Moving back to the farm holds a great deal of possibilities for me, however it also means that I would need to start over again with my nursery this side, and sadly I could not bring a great deal of my plants from that side back with me seeing that I have a small car and needed to bring all my personal items back with me as well.
Then again I am no stranger to starting over...
So the best I could do, is take the first step.
I started by potting out and making up a few easy selling items, and for this I used some of the succulents on the farm and I also bought in a few from a local nursery, and planted them in some nice molded cement pots. I also potted some Hypoestis and festukka grasses in these pots just to add some verity and color.
The pots ended up looking really good, and I am just hoping that my clients will feel the same.
To kick me off, and get back in the game I have agreed to exhibit some of my plant and home made stock at the next local farmers market, and in order to get ready for this I really have to put in some elbow grease to get everything ready on time.
My products include an array of plants, home made goodies such as rusks, cookies, fudge, jams/jellies and home made candy, and for all the dog lovers out there - I also make some yummy doggy treats - but I will focus a bit more on that some other time.
Reestablishing some of the plants I brought back:
I tried bringing back a selection of my medicinal and novelty plants, sadly I couldn't bring all of them despite the fact that I have put months into getting them from seed to the point they were at when I left, which in a way was very sad for me - but I was happy that I was able to at least bring a few, and at least I have a decent seed-bank to start planting again as well, so all is certainly not lost.
Plants I brought back were some elderberry, sutherlandia, luffa, mouse melon, African horned melon and a few cannabis plants (thc & cbd for medicinal extraction)
Although a lot of the plants traveled well on the two day journey, there was still the issue of adapting to a completely different climate once we reached this side.
My sutherlandia (above) for one, did very well throughout the trip, however after two days here it started showing some signs of distress. And after day three I was forced to dead-end some of the plants. This simply means to cut off parts of the plant that seems to be taking strain in order to give the rest of the plant a better chance of adapting and surviving, as it takes a great deal of energy for the plant to try and nurture or wean struggling parts of the plant itself.
I will be monitoring these babies very closely over the next few weeks, but I am honestly hoping that they will pull through in the end.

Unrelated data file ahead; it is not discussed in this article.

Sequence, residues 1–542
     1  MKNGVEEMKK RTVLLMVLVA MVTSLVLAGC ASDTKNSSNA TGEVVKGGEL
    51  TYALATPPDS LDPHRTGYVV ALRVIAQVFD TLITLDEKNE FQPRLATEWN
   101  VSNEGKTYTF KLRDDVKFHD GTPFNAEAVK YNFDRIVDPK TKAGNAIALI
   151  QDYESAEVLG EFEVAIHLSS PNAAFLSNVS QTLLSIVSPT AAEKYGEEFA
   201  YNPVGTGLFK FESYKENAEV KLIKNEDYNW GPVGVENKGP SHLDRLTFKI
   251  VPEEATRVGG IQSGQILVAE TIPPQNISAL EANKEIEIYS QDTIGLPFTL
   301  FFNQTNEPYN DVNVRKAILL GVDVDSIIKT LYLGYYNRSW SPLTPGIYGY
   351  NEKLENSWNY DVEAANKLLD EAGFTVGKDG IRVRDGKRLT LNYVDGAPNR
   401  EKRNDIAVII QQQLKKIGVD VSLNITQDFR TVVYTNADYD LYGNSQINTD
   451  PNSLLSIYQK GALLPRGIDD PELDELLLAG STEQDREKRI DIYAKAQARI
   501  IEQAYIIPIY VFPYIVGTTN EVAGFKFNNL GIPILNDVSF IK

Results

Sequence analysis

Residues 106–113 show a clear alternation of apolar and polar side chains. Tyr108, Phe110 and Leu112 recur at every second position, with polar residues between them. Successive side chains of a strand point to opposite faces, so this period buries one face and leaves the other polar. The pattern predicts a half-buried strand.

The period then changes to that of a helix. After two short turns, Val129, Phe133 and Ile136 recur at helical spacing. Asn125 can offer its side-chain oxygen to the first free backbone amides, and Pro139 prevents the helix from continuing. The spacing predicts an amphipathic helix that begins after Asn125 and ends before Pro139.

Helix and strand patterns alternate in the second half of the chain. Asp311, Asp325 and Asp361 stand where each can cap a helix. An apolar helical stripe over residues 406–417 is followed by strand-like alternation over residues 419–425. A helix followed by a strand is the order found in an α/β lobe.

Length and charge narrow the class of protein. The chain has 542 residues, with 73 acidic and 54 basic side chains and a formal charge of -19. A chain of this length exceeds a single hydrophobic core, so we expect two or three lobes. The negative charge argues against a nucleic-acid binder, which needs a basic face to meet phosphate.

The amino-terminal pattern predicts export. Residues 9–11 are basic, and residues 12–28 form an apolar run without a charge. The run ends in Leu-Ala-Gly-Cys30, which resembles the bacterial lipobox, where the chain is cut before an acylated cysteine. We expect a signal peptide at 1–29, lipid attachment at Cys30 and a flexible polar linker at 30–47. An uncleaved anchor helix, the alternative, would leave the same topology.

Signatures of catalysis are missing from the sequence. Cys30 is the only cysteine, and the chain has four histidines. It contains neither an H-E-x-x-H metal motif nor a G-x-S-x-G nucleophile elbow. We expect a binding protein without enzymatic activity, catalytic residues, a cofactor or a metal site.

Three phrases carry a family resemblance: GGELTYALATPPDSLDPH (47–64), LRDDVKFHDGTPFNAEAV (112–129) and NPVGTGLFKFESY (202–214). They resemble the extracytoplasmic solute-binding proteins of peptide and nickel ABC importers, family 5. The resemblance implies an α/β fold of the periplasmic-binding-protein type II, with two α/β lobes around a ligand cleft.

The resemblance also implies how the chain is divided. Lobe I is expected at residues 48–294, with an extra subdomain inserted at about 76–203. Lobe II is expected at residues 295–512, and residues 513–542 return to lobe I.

Then of course there's the cannabis plants - I brought back a total of six varieties, three of which is cbd and three thc plants. So far, 5 of them seems to be pulling through reasonably well, however one of them (the smallest one of the lot) a lovely SSD strain sadly didn't make it - but still I am very grateful that the rest of them seems to be adapting reasonably well.
I will leave these a little while longer before stressing them again by re-bagging them out into bigger bags.
Other plants that I brought with included some Aloe Ferox Seedlings - these were all planted in bulk bags, each containing at least 50 plants. I have started potting some of this out so long, but I ran out of potting medium and the rest will have to wait until I can replenish that.
These plants will stay in these pots until they are big enough to be replanted into bigger bags and in time they will be planted out on the farm.
Getting some amazing new plants:
While out in the nursery to buy some succulents for my pots in order to diversify my stock, I came across this gorgeous beauties - they are called black pearl peppers.
"Black Pearl pepper is a cultivar of Capsicum annuum. It is characterized by distinctive black leaves and fruit. It was developed by Arboretum Floral and Nursery Plants Research Unit scientists Rob Griesbach and John Stommel of the Agricultural Research Service’s Vegetable Laboratory. This pepper plant is notably similar to another strain, named the Black Hungarian, another designer pepper plant. Though edible (the flavor has a citrus undertone with a slow burn between 4 and 12 times hotter than a jalapeño on the Scoville Scale), it is considered an ornamental plant and even won an award for its beauty from All-Americas Selections in 2006. The Black Pearl has characteristic semi-gloss black to deep-purple leaves with peppers that are black and turn crimson when fully ripened." - source
These were not only gorgeous to look at, but the Peppers itself is deliciously hot and full of flavor - so I simply couldn't resist adding these to my plant collection!!